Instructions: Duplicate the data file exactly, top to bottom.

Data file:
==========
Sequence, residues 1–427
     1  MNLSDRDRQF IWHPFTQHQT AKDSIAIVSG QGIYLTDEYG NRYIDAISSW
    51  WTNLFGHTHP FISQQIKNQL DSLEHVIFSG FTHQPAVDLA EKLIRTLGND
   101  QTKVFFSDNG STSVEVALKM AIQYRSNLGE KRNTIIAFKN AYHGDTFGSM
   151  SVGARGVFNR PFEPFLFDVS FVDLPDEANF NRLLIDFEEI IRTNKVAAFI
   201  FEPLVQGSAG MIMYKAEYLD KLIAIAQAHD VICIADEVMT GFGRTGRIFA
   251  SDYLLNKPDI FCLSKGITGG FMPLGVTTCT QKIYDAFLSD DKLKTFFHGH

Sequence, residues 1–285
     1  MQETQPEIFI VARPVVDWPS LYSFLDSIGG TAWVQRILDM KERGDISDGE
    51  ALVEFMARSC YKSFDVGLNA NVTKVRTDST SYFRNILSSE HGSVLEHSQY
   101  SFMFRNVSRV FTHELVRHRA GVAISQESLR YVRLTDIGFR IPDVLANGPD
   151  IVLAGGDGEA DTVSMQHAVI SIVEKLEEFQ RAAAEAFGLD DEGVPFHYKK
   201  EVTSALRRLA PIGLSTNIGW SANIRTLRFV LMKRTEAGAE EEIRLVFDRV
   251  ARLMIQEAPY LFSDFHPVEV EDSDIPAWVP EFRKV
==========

Sequence, residues 1–427
     1  MNLSDRDRQF IWHPFTQHQT AKDSIAIVSG QGIYLTDEYG NRYIDAISSW
    51  WTNLFGHTHP FISQQIKNQL DSLEHVIFSG FTHQPAVDLA EKLIRTLGND
   101  QTKVFFSDNG STSVEVALKM AIQYRSNLGE KRNTIIAFKN AYHGDTFGSM
   151  SVGARGVFNR PFEPFLFDVS FVDLPDEANF NRLLIDFEEI IRTNKVAAFI
   201  FEPLVQGSAG MIMYKAEYLD KLIAIAQAHD VICIADEVMT GFGRTGRIFA
   251  SDYLLNKPDI FCLSKGITGG FMPLGVTTCT QKIYDAFLSD DKLKTFFHGH

Sequence, residues 1–285
     1  MQETQPEIFI VARPVVDWPS LYSFLDSIGG TAWVQRILDM KERGDISDGE
    51  ALVEFMARSC YKSFDVGLNA NVTKVRTDST SYFRNILSSE HGSVLEHSQY
   101  SFMFRNVSRV FTHELVRHRA GVAISQESLR YVRLTDIGFR IPDVLANGPD
   151  IVLAGGDGEA DTVSMQHAVI SIVEKLEEFQ RAAAEAFGLD DEGVPFHYKK
   201  EVTSALRRLA PIGLSTNIGW SANIRTLRFV LMKRTEAGAE EEIRLVFDRV
   251  ARLMIQEAPY LFSDFHPVEV EDSDIPAWVP EFRKV